information about you to the abuser. Digital information of any kind can always be re-shared – on Facebook or other platforms.
You can choose who sees your Facebook activity either by setting a default setting or by choosing your audience on individual posts.
Be cautious when accepting new friends.
Facebook is based on real names and authentic identities, where people represent who they are in the real world. Unfortunately, some abusive individuals use clever tactics to gain access to a victim’s information. If you receive a friend request from someone you thought you were already friends with, ask them if they created a new page. In some instances, abusive individuals maliciously create accounts impersonating a friend of the person they want to connect with.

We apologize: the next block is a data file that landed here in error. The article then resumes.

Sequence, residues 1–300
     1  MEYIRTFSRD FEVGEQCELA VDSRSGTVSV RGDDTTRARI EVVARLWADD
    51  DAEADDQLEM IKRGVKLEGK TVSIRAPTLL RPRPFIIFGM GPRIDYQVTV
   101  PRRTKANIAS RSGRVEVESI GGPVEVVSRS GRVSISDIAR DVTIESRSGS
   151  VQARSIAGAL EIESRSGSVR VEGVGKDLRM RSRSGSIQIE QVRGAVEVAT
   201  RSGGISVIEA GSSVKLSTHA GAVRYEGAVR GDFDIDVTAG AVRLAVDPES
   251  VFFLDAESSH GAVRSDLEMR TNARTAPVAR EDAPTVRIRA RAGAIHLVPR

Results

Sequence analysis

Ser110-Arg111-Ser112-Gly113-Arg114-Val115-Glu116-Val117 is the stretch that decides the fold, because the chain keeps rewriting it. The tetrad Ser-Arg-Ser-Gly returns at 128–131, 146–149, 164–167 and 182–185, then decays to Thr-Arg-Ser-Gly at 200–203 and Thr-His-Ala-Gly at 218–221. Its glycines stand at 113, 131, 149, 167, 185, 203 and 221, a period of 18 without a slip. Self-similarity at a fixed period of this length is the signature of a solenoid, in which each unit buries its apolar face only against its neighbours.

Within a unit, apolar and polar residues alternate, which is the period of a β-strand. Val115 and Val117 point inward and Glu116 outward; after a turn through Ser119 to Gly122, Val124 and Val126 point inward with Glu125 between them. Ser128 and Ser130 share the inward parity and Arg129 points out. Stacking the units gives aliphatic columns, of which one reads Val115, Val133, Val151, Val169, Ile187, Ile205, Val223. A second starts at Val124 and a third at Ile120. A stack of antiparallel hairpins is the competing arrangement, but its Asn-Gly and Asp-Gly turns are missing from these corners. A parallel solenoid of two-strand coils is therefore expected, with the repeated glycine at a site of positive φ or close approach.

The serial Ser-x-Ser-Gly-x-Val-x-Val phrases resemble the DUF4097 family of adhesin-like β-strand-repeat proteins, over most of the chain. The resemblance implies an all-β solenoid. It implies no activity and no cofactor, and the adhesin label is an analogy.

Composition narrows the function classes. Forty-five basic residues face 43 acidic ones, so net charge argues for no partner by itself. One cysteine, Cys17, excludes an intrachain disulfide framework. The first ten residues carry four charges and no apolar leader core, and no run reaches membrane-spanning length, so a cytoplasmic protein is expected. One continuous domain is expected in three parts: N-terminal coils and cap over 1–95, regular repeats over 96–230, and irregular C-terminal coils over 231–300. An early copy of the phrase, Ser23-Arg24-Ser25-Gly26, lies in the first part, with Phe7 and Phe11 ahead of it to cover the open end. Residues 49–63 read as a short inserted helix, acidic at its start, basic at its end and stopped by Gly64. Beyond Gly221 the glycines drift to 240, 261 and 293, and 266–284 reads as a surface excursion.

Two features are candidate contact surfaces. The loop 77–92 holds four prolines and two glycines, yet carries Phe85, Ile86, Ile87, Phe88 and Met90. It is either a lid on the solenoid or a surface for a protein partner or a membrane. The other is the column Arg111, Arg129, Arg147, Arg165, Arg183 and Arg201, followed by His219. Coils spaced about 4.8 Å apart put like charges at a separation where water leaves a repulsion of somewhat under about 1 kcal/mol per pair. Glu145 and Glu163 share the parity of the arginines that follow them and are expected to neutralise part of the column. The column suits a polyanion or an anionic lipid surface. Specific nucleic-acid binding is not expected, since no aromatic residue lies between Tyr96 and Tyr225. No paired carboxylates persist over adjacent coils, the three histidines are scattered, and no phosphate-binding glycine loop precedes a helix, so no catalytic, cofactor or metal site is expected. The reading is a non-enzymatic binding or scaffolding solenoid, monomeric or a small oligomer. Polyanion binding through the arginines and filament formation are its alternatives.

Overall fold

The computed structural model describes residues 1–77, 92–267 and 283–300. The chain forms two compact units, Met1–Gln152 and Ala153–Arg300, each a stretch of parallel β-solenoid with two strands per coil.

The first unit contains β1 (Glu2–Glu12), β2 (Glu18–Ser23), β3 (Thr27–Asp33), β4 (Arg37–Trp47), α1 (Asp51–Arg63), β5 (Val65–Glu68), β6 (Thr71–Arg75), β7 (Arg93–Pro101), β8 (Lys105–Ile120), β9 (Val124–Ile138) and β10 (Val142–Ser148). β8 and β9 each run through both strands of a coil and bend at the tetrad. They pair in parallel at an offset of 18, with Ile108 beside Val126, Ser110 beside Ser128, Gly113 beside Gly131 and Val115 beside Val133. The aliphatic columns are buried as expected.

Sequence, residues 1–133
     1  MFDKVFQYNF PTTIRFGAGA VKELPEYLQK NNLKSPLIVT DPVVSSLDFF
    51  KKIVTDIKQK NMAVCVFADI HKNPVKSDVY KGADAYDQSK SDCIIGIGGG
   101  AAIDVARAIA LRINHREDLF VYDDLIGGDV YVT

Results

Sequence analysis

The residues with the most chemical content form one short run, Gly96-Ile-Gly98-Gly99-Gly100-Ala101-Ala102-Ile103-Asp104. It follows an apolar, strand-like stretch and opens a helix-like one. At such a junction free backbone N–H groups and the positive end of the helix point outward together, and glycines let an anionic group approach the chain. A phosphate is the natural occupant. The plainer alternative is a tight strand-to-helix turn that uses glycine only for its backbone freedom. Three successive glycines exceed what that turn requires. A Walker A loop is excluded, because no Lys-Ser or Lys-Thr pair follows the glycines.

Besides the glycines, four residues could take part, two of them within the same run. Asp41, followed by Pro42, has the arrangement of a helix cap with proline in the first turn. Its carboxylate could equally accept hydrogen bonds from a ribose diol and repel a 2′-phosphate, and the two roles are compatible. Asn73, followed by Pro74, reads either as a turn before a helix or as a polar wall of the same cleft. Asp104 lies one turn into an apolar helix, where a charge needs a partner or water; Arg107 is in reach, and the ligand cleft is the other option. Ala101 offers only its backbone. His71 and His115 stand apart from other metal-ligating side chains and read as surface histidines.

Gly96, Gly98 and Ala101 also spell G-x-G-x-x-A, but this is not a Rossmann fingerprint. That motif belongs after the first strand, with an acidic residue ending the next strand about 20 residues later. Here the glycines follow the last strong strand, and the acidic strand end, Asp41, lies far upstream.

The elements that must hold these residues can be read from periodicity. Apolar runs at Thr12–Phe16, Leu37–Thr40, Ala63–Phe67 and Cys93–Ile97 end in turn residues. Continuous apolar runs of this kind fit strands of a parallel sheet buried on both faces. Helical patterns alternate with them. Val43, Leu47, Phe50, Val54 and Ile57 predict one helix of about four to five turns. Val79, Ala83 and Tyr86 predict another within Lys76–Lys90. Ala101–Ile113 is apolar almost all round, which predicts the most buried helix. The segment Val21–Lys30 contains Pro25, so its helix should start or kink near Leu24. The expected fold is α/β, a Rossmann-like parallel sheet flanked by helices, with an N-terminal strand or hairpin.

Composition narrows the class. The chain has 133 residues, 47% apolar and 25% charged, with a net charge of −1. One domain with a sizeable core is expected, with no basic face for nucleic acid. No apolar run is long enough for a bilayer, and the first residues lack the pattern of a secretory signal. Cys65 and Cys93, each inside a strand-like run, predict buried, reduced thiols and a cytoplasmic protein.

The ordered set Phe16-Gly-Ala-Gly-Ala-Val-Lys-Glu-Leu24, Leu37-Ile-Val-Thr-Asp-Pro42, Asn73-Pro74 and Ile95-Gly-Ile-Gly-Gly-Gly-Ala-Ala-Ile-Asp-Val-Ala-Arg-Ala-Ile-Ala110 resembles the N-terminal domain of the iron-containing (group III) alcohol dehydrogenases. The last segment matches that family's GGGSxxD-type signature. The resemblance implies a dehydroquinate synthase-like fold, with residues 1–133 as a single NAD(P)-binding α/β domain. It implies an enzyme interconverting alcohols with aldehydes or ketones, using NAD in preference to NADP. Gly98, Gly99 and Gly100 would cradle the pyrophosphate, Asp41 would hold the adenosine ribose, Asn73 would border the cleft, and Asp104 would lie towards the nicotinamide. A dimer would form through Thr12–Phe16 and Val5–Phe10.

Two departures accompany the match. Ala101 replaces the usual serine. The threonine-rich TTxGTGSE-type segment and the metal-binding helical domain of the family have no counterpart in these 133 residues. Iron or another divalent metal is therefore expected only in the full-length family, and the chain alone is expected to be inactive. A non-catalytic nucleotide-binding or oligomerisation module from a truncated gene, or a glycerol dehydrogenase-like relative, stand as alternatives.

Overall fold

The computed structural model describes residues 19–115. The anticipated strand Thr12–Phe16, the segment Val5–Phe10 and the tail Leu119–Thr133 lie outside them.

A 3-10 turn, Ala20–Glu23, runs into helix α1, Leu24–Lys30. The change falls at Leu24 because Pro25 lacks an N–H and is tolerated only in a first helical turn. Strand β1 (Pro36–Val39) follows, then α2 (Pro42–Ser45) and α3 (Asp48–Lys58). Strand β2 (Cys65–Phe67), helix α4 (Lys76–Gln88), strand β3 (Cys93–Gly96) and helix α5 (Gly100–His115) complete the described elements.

Teach your kids.
Some teens may believe that having many “friends” is a status and popularity symbol. Talk about privacy and safety with your children and why they should be hesitant to accept friend requests from people they don’t know.
Know the Mutual Friends
It’s important to know who the mutual Facebook friends are and limit what you share with them. Mutual Facebook friends are sometimes unavoidable, as they can be “real-life” friends, family members, or your children’s friends. Even if you don’t set your privacy setting to “friends of friends,” don’t forget that a friend-of-a-friend could allow the abusive person to see your content or even forward
For more information about how to create lists on Facebook, click here:
take back control: REVIEW YOUR PRIVACY SETTINGS
Who can see what you share?